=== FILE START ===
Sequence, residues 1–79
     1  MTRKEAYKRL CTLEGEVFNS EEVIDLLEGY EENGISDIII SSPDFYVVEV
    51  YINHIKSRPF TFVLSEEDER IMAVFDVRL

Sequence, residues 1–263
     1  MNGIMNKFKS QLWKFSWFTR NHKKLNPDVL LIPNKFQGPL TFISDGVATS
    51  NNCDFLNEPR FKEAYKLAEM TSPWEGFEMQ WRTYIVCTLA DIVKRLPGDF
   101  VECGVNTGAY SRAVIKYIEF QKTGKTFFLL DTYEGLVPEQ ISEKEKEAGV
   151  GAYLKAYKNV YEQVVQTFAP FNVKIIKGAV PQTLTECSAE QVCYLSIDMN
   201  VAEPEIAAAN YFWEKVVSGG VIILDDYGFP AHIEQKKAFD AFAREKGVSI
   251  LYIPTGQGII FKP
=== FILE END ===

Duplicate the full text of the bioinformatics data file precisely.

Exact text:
Sequence, residues 1–79
     1  MTRKEAYKRL CTLEGEVFNS EEVIDLLEGY EENGISDIII SSPDFYVVEV
    51  YINHIKSRPF TFVLSEEDER IMAVFDVRL

Sequence, residues 1–263
     1  MNGIMNKFKS QLWKFSWFTR NHKKLNPDVL LIPNKFQGPL TFISDGVATS
    51  NNCDFLNEPR FKEAYKLAEM TSPWEGFEMQ WRTYIVCTLA DIVKRLPGDF
   101  VECGVNTGAY SRAVIKYIEF QKTGKTFFLL DTYEGLVPEQ ISEKEKEAGV
   151  GAYLKAYKNV YEQVVQTFAP FNVKIIKGAV PQTLTECSAE QVCYLSIDMN
   201  VAEPEIAAAN YFWEKVVSGG VIILDDYGFP AHIEQKKAFD AFAREKGVSI
   251  LYIPTGQGII FKP